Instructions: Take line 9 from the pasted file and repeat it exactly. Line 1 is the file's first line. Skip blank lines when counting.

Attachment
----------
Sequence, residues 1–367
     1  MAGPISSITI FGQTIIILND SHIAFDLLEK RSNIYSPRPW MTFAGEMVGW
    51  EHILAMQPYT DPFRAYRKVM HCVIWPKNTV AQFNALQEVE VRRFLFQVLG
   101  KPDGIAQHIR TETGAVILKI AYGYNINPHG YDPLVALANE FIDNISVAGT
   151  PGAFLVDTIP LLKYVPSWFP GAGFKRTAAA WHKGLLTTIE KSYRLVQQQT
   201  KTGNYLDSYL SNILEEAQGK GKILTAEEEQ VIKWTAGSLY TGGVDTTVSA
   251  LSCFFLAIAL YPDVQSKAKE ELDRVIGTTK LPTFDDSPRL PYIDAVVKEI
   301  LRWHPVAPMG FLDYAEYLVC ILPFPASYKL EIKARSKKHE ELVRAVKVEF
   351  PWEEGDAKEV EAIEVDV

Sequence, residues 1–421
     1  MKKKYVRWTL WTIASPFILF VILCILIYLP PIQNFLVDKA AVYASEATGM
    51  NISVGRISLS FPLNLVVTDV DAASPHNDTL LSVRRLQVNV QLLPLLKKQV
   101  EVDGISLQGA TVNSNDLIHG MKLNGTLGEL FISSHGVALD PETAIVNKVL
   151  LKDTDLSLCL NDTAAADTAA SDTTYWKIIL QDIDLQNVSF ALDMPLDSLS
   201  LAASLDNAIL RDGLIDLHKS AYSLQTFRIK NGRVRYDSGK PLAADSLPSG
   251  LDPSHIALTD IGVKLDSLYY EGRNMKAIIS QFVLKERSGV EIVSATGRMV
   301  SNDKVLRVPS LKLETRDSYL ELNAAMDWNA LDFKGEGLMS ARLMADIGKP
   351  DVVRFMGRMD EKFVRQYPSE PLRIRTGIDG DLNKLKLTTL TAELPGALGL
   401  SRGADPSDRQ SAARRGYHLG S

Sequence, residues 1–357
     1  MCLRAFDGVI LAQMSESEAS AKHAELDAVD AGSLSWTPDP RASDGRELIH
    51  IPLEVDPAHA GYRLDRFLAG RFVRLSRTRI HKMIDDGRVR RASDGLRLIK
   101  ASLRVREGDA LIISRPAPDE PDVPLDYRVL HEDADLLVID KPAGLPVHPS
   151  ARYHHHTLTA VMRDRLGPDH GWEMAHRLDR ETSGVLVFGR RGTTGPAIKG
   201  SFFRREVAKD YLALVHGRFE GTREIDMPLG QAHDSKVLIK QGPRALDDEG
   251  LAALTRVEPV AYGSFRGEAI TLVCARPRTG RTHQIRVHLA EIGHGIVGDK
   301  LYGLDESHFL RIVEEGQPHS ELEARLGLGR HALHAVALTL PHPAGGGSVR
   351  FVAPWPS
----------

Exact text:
   351  PWEEGDAKEV EAIEVDV